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The Yankees should have brought Didi Gregorius back on a one-year deal

Given what Gregorius signed for with the Phillies, it’s hard to believe the Yanks couldn’t have brought him back for another year.

MLB: ALCS-Houston Astros at New York Yankees Noah K. Murray-USA TODAY Sports

One of the most beloved Yankees of the recent era has moved on. Didi Gregorius, after not being presented with a qualifying offer from the Yanks, has signed with the Phillies for one year and $14 million. His departures brings an end to Yankees victory tweets, wonderful postgame handshakes with Gleyber Torres and some of the most clutch home runs in the Yankees’ recent postseason appearances.

Gregorius, coming off a shaky season following Tommy John surgery, was a bit of a question mark given how he performed after the major surgery (just an 87 OPS+ and 0.6 WAR). After the terms of his deal were revealed, however, it became more difficult to figure out why the Yankees didn’t offer something similar in an effort to retain the 29-year-old for another year.

The benefit of bringing back Gregorius for minimal cost and without a long-term commitment stretches beyond what he’s done for the franchise and the influence he clearly has had in the clubhouse. Gregorius represents an area of need for the Yanks, who sacrifice valuable infield depth with his departure. Unless the Yankees add another infield piece, the Opening Day shortstop will be Gleyber Torres (his natural position), with DJ LeMahieu at second, Luke Voit at first and one of Gio Urshela and Miguel Andujar at third.

Backup options could be Tyler Wade, Thairo Estrada, and other underwhelming choices. The starting infield looks solid, but if last season taught us anything, it’s the fragility of a depth chart. Remember when it seemed like LeMahieu wouldn’t have a clear everyday fit on the Yanks once Gregorius came back from the IL? That was before Troy Tulowitzki (okay, that one was predictable), Andujar, Greg Bird and eventually Voit all went down with injuries. Should the Yanks run into injury trouble again in 2020, Gregorius would have been an incredibly valuable player, especially at one year and $14 million.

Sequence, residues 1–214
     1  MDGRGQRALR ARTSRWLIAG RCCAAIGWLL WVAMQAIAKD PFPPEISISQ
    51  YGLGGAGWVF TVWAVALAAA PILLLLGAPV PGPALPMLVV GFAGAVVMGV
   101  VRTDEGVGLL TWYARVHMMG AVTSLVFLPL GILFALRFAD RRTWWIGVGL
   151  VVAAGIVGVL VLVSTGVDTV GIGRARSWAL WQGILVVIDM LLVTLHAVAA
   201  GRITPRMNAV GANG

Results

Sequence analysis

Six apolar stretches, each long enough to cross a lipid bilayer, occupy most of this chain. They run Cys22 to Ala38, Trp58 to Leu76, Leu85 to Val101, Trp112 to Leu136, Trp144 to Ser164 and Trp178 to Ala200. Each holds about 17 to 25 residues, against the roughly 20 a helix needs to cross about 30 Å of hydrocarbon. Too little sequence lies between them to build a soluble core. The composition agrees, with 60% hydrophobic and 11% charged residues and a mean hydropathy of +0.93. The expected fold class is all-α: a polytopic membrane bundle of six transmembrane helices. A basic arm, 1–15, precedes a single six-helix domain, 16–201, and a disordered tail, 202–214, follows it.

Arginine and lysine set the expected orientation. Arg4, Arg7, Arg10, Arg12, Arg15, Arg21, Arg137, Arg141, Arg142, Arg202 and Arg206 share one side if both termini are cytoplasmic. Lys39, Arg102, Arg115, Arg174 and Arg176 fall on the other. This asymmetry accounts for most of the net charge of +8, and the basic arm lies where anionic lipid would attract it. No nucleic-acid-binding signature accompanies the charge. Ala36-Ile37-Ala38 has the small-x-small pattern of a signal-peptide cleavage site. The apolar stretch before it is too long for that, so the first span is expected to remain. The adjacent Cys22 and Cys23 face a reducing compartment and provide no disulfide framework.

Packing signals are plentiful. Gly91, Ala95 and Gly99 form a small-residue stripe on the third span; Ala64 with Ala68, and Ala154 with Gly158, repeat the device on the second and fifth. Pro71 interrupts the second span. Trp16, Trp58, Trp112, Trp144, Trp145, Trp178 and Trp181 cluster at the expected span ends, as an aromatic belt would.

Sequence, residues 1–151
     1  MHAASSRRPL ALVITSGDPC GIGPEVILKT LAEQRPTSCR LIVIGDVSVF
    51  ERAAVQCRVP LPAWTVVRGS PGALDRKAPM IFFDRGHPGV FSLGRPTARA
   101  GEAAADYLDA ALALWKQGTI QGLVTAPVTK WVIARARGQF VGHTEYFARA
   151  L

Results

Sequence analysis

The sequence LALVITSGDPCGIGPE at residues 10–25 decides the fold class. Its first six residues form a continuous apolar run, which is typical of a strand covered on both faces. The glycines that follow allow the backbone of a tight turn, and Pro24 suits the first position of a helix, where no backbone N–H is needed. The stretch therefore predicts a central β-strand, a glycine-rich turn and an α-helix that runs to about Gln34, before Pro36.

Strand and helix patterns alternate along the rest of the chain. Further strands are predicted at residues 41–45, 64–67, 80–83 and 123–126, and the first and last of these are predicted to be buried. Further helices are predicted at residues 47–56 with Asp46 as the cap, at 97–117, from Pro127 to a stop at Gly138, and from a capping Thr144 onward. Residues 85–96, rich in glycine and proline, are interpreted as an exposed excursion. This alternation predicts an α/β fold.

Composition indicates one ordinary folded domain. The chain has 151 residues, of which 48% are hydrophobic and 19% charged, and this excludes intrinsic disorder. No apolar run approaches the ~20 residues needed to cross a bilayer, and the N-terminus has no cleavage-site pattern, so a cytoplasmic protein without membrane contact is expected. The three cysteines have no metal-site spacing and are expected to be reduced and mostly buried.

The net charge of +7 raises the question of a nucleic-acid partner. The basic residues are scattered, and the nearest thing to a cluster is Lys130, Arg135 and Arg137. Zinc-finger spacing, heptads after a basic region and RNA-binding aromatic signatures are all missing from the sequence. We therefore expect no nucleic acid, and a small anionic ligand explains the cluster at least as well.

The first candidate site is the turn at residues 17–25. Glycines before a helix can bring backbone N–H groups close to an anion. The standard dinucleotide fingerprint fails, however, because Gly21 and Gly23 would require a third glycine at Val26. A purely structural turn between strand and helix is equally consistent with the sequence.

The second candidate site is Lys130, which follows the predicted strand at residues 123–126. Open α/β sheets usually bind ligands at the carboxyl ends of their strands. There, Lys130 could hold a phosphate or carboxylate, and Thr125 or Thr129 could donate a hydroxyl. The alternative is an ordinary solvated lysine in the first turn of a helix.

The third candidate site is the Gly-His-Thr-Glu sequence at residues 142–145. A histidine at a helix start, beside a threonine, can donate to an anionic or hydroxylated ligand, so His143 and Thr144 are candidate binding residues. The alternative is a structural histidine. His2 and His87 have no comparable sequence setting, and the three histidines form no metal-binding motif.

There’s also the third base conundrum, or the potential one should Urshela prove to not have staying power, at least not at the level in which he produced last season. Was his rough September (65 wRC+) a sign of things to come, or just a prolonged slump? Will Andujar improve defensively, and will he be able to replicate his rookie season after recovering from a serious injury? Should those options not pan out, LeMahieu could have been a good bet to move to the hot corner, with Torres moving back to second and Gregorius at shortstop.

The Yanks surely had concerns about Gregorius following his Tommy John surgery, but it takes time to come back to form from such an injury. Dodgers shortstop Corey Seager underwent the operation at the end of April in 2018, and after just an 89 wRC+ in his first full month back, he bounced back to post a 118 wRC+ over the first half of the season. It’s not hard to imagine Gregorius returning to a much closer version of his old self in 2020.

Gregorius’ injury halted a trend that saw the shortstop improve offensively each season, peaking with a career-best 124 OPS+ in 2018. Those kind of numbers, even if there’s a slight decline in 2020, are well worth a one-year deal, especially for a player who is proven to be comfortable in New York and a solid defender. Perhaps the Yanks were keeping the payroll as clear as possible for Gerrit Cole, but for the amount wound up signing for, it seems like the Yanks should have been more involved with Gregorius. Cole’s contract already puts the team over the luxury tax, so why not sign a solid contributor to a one-year deal? For the Yankees, it seems like a missed opportunity.